Newly named National Security Adviser Army Lt. Gen. H.R. McMaster listens as U.S. President Donald Trump makes the announcement at his Mar-a-Lago estate in Palm Beach, Florida U.S. February 20, 2017. REUTERS/Kevin Lamarque - RTSZJDS
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McMaster has the Islamophobes worried, and that’s a good thing

William McCants
Editor's Note:

President Trump's new National Security Advisor, Lt. Gen. H.R. McMaster, spent much of his career fighting and winning wars in the Middle East, which required him to know the local cultures and treat Muslims like humans rather than scripturally programmed robots, writes Will McCants. Below, he explains how he might clash with other figures in the White House, and what it could mean for policy. This piece originally appeared on Politico.

When America’s most influential Islamophobes are upset, you know the president made a good choice. “Score one [for] the swamp,” whined Robert Spencer upon hearing the news that Donald Trump appointed Lt. Gen. H.R. McMaster to be his national security adviser. Spencer makes a living scaring Americans about the dangers of Muslim soccer moms. “John Bolton lost out to this guy?” sputtered his frequent partner in whine, Pamela Geller, who scoffed at the general for saying, “Every time you disrespect an Iraqi, you’re working for the enemy.”

The Islamophobes are not wrong to sense that McMaster will be hostile to their worldview, according to those who know him best. McMaster spent much of his career fighting and winning wars in the Middle East, which required him to know the local cultures and treat Muslims like humans rather than scripturally programmed robots. “He absolutely does not view Islam as the enemy,” said Pete Mansoor, who served with McMaster in Iraq. “He understands that the world is not one dimensional, that the Muslim world is not one dimensional,” said John Nagl, who also served with McMaster. In other words, the complicated causes of terrorism require complicated solutions.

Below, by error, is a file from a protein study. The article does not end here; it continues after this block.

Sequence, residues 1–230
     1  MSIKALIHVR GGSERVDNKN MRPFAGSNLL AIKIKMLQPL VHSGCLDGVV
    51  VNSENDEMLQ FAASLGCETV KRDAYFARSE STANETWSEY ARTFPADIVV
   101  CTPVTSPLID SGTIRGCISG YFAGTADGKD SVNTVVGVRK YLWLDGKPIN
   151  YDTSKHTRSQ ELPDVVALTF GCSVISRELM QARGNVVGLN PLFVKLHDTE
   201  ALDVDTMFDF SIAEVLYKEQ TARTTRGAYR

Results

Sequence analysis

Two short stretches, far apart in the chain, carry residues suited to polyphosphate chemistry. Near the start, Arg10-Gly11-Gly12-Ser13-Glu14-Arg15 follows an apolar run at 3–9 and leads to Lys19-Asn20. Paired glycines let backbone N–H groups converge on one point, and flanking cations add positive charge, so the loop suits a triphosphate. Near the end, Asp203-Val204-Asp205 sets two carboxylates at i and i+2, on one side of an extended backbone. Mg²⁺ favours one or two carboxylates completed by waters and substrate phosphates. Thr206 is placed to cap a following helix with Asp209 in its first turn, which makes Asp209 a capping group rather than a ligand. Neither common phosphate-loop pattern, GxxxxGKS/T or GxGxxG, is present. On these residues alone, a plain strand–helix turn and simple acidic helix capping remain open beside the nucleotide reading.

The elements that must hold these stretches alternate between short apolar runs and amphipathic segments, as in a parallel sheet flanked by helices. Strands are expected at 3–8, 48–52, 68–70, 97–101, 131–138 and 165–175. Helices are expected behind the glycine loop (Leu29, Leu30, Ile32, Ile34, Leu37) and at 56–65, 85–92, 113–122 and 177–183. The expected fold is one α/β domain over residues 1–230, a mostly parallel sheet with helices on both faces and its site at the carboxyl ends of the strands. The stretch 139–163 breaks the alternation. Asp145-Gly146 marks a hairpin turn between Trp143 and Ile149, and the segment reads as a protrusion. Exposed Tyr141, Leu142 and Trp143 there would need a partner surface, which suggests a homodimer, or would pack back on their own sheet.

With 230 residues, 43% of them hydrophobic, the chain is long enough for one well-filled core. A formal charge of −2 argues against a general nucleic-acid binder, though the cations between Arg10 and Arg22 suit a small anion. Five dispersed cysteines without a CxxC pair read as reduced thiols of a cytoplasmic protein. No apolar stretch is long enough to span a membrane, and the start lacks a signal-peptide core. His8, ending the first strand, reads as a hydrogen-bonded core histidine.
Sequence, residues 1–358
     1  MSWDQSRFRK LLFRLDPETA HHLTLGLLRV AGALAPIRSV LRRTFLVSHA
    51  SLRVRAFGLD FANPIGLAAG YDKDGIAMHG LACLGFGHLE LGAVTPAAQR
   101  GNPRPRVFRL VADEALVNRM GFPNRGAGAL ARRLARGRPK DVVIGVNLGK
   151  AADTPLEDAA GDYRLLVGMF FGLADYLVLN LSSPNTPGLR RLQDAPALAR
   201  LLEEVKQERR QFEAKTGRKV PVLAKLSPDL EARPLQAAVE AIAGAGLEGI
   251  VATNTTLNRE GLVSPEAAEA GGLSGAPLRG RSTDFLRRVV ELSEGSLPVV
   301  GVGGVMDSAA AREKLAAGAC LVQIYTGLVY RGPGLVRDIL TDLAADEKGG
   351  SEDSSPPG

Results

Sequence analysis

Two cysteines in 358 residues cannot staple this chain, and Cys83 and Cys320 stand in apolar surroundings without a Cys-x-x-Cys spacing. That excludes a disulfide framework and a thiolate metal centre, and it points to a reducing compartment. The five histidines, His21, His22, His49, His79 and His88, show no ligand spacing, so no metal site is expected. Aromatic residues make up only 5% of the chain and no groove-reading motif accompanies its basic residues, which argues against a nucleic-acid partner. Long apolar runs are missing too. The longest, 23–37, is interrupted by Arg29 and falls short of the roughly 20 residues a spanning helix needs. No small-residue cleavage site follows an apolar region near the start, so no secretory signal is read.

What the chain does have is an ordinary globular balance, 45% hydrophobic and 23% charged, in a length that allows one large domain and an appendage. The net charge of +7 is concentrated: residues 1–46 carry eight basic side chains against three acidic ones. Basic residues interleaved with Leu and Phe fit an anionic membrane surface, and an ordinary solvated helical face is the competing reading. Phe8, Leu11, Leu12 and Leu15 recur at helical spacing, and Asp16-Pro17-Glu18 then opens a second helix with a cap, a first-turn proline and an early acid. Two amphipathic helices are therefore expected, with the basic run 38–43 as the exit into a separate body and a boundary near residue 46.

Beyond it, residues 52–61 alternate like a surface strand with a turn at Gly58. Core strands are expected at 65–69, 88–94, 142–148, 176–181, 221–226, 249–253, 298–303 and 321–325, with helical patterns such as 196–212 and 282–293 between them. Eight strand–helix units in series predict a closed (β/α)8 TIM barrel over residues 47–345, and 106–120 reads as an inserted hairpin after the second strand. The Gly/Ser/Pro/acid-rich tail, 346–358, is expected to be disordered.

McMaster’s nuanced views will likely be at odds with those of the president’s chief political strategist, Steve Bannon, and the other members of Bannon’s so-called Strategic Initiatives Group, a policymaking body he co-leads with the president’s son-in-law and chief of staff. Bannon believes the teachings of Islam and a supine West are primarily to blame for jihadist terrorism, as does his counterterrorism adviser Sebastian Gorka. Both scoff at the idea that jihadism arises from a confluence of factors, most of which are not religious. “This is the famous approach that says it is all so nuanced and complicated,” Gorka told the Washington Post. “This is what I completely jettison.”

McMaster’s disgraced predecessor, Michael Flynn, agreed with the Bannonites and was disdainful of the intelligence community’s analysis, which he believed ignored the religious motives of jihadists in order to please President Barack Obama. I served in the State Department when Flynn was still in government and, having seen some of the same analysis Flynn saw, I can say that the intelligence community did not ignore religion; it just didn’t inflate it as the primary driver of jihadist terrorism. The intelligence community was also careful to disaggregate jihadist groups according to their competing interests and to distinguish those groups from nonviolent Islamists. With McMaster’s appointment, such analysis is now likely to find a sympathetic ear in the White House.